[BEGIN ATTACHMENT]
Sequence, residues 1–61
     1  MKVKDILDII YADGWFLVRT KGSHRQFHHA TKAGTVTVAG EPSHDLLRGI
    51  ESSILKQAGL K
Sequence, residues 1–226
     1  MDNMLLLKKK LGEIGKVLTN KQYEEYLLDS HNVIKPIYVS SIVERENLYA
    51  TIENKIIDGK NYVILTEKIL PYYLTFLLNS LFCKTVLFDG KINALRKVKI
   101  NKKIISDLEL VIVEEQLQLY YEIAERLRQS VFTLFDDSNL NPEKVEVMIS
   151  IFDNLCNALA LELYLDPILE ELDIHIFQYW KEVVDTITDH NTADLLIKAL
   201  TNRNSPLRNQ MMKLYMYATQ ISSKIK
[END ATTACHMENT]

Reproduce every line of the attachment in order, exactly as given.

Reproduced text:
Sequence, residues 1–61
     1  MKVKDILDII YADGWFLVRT KGSHRQFHHA TKAGTVTVAG EPSHDLLRGI
    51  ESSILKQAGL K
Sequence, residues 1–226
     1  MDNMLLLKKK LGEIGKVLTN KQYEEYLLDS HNVIKPIYVS SIVERENLYA
    51  TIENKIIDGK NYVILTEKIL PYYLTFLLNS LFCKTVLFDG KINALRKVKI
   101  NKKIISDLEL VIVEEQLQLY YEIAERLRQS VFTLFDDSNL NPEKVEVMIS
   151  IFDNLCNALA LELYLDPILE ELDIHIFQYW KEVVDTITDH NTADLLIKAL
   201  TNRNSPLRNQ MMKLYMYATQ ISSKIK